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Steve yabsley
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Heading to New Orleans soon. Always enjoy the food scene there - and looking to try some new places.

 

sadly, the nightlife there seems to have continued the trend of becoming “more wholesome “......but any suggestions appreciated. In the past, I have resorted to bringing some companionship with me....this time heading in solo. Fingers crossed I can find something interesting while I’m there

 

cheers-

 

steve

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Heading to New Orleans soon. Always enjoy the food scene there - and looking to try some new places.

 

sadly, the nightlife there seems to have continued the trend of becoming “more wholesome “......but any suggestions appreciated. In the past, I have resorted to bringing some companionship with me....this time heading in solo. Fingers crossed I can find something interesting while I’m there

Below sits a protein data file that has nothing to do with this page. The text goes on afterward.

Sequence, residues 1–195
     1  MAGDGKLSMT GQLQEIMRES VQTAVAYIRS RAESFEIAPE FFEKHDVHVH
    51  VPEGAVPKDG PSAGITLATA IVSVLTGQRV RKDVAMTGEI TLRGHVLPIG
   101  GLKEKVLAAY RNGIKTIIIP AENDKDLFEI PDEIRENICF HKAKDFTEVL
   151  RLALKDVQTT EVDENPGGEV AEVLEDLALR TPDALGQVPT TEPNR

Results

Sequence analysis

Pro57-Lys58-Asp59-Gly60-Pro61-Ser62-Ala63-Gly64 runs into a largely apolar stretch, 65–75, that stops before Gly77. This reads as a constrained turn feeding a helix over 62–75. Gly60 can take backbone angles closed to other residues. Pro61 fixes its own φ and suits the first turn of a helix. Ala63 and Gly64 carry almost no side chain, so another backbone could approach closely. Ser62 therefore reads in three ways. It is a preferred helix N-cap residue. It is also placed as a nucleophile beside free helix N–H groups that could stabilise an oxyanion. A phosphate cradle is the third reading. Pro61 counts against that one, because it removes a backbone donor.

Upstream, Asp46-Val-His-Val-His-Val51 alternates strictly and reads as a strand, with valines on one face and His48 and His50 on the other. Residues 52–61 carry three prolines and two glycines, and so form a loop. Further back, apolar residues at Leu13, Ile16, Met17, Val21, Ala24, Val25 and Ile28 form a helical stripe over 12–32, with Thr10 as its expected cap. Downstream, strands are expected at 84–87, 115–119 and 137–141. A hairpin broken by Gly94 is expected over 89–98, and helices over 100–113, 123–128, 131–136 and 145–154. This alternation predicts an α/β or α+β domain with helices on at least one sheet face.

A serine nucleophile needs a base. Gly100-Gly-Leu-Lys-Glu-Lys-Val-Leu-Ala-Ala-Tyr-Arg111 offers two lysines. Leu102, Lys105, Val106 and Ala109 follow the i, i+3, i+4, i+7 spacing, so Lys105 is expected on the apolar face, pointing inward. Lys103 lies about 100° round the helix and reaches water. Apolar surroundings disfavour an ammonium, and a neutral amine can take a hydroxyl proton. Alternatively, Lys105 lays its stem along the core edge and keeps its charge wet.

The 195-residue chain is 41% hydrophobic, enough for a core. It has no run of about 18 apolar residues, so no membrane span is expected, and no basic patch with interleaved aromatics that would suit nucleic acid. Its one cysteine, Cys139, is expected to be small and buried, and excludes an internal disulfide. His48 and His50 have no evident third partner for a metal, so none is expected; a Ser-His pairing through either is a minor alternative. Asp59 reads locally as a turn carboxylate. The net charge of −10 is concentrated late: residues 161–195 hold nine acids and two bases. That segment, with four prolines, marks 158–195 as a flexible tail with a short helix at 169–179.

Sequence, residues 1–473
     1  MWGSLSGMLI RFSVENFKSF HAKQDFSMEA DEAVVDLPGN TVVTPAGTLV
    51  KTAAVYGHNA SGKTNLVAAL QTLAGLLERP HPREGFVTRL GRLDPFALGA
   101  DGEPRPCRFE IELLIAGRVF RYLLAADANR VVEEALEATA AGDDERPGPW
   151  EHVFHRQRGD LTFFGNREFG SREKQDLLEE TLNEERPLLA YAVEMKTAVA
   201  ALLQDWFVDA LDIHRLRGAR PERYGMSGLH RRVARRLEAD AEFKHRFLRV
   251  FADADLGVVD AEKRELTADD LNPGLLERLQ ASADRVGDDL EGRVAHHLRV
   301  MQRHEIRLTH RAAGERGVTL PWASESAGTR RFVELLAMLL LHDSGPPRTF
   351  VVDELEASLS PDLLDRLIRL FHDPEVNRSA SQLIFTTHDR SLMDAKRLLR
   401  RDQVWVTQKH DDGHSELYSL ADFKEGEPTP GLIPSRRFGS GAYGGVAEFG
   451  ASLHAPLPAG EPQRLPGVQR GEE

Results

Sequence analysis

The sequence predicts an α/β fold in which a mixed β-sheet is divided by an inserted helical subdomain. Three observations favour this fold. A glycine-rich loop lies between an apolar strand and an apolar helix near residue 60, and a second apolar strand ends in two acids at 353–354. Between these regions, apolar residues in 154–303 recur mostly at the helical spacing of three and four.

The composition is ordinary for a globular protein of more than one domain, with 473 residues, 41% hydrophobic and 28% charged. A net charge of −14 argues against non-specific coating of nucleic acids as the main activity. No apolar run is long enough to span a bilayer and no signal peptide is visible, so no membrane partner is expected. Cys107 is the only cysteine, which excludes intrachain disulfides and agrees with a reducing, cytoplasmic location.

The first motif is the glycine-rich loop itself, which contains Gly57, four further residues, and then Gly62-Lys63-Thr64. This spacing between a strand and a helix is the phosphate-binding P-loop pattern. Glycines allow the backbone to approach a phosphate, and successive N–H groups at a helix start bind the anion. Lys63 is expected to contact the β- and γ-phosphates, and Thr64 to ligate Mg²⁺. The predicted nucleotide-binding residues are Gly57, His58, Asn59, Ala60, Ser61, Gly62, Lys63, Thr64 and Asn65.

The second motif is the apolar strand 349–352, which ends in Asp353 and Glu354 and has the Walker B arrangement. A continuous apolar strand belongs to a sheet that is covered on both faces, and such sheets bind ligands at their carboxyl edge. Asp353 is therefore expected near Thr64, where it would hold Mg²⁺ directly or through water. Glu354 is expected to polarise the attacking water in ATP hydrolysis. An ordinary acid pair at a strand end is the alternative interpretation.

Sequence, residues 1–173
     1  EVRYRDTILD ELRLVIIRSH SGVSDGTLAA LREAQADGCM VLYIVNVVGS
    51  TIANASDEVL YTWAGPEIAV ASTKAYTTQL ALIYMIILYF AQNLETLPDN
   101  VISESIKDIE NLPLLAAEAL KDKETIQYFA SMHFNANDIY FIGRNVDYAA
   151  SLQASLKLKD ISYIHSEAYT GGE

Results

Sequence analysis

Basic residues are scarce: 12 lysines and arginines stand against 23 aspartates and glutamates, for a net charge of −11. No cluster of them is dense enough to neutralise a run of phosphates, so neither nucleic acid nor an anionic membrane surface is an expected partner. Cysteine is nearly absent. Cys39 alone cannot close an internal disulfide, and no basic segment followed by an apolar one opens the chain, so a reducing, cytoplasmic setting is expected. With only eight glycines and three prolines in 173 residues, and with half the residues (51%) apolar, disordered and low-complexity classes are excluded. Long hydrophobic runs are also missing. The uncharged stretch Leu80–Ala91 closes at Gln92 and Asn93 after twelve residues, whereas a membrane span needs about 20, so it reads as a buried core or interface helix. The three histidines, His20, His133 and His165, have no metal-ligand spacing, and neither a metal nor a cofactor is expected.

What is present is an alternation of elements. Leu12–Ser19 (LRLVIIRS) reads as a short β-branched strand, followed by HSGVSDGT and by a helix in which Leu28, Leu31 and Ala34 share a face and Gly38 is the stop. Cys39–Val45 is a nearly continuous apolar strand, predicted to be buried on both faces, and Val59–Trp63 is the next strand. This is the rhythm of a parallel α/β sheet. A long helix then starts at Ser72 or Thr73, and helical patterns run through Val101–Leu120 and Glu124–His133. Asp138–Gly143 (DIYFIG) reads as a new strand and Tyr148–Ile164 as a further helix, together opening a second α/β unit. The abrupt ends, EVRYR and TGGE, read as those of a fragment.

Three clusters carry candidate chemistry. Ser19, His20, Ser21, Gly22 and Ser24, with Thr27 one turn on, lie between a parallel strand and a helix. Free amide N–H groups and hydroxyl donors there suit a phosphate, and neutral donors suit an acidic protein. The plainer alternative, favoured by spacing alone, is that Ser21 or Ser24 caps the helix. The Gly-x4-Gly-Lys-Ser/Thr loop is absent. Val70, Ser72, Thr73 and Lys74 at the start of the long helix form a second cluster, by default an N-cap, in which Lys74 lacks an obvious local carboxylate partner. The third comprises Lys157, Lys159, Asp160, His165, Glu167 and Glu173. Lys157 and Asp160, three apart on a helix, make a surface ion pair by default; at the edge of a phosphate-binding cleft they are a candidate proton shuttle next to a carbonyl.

cheers-

 

steve

 

 

Have you been to Coquette? It‘s a wonderful restaurant in the Irish Channel neighborhood. Also Shaya for israeli food is quite good too. Can’t really make suggestions for providers as I had one of my regulars fly in with me. There used to be a wonderful sex club on Toulouse, but those are condominiums now...

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I haven’t been to Coquette or Shaya. Thanks for the suggestions. I’m also looking at Restaurant Revolution. Have you been?